Shyness is associated with social-emotional maladjustment in some, but not all, children. The ability to flexibly regulate attention under conditions of potential conflict may protect shy children from developing internalizing problems. In the current study, the associations between shyness, the N2 event related potential (ERP) response, and social-emotional adjustment were examined in a sample of 36 typically developing 9- to 13-year-old children. It was hypothesized that the N2 amplitude, an ERP measure associated with aspects of cognitive and attention control, would moderate the associations between shyness and social-emotional functioning (negative attribution style, social self-perceptions, social anxiety). Shyness was unrelated to behavioral or ERP measures collected during a modified Flanker task; however, shyness and N2 amplitude were alone and in combination associated with all three measures of social adjustment. In general, shyness was associated with poor outcomes primarily among children with relatively large amplitude, or enhanced, N2 responses. The results are discussed in terms of the role of conflict sensitivity in the regulation of attention and emotions associated with shyness and the importance of studying the combined influences of reactive and self-regulatory aspects of temperament in relation to adjustment in childhood.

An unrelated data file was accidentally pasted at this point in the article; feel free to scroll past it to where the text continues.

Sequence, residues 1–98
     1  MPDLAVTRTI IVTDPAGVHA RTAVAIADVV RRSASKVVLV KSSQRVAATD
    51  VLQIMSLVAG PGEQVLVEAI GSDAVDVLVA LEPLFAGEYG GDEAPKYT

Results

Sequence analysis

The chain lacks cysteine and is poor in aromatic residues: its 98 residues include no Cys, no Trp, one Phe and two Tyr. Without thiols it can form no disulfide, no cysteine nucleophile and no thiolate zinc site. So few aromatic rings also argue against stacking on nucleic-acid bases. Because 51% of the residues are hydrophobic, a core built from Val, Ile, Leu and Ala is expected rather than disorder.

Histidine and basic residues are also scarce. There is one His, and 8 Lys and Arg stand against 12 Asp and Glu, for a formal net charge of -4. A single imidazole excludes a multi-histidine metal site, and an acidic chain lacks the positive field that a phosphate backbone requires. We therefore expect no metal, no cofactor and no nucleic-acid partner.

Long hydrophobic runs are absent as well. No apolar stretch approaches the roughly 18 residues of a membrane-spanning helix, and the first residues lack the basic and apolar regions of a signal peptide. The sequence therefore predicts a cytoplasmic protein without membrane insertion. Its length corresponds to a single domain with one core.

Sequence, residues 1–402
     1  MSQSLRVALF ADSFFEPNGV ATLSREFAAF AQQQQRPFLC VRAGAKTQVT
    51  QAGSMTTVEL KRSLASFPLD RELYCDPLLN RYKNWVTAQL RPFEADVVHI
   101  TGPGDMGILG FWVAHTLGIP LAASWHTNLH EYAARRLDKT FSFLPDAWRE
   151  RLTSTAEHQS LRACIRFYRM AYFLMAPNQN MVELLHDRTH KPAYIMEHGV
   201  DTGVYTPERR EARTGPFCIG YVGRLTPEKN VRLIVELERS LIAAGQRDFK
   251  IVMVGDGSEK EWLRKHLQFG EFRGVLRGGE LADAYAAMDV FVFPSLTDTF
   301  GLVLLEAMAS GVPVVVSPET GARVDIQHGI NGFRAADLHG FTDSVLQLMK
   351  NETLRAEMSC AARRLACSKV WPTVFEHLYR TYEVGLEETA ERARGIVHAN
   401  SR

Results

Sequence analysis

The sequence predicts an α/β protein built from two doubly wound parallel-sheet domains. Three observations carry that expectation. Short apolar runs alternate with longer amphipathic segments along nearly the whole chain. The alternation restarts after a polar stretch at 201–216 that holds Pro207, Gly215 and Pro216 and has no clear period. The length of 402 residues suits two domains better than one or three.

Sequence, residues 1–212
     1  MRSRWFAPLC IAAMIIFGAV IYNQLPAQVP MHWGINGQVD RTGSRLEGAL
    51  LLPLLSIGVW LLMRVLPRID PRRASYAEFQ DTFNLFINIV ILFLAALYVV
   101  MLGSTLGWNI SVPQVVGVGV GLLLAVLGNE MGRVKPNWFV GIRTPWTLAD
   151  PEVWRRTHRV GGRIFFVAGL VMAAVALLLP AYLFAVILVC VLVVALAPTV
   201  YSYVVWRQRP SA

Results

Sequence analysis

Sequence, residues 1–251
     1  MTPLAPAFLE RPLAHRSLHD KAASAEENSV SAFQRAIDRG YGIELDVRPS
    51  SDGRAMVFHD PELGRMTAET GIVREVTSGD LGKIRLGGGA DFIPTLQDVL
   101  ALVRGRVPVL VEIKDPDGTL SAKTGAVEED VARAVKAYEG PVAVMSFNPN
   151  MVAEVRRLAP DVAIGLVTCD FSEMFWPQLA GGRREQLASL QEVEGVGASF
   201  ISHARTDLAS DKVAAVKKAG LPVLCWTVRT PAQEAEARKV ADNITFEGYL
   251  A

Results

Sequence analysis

ASJC Scopus subject areas
- Neuropsychology and Physiological Psychology
- Developmental and Educational Psychology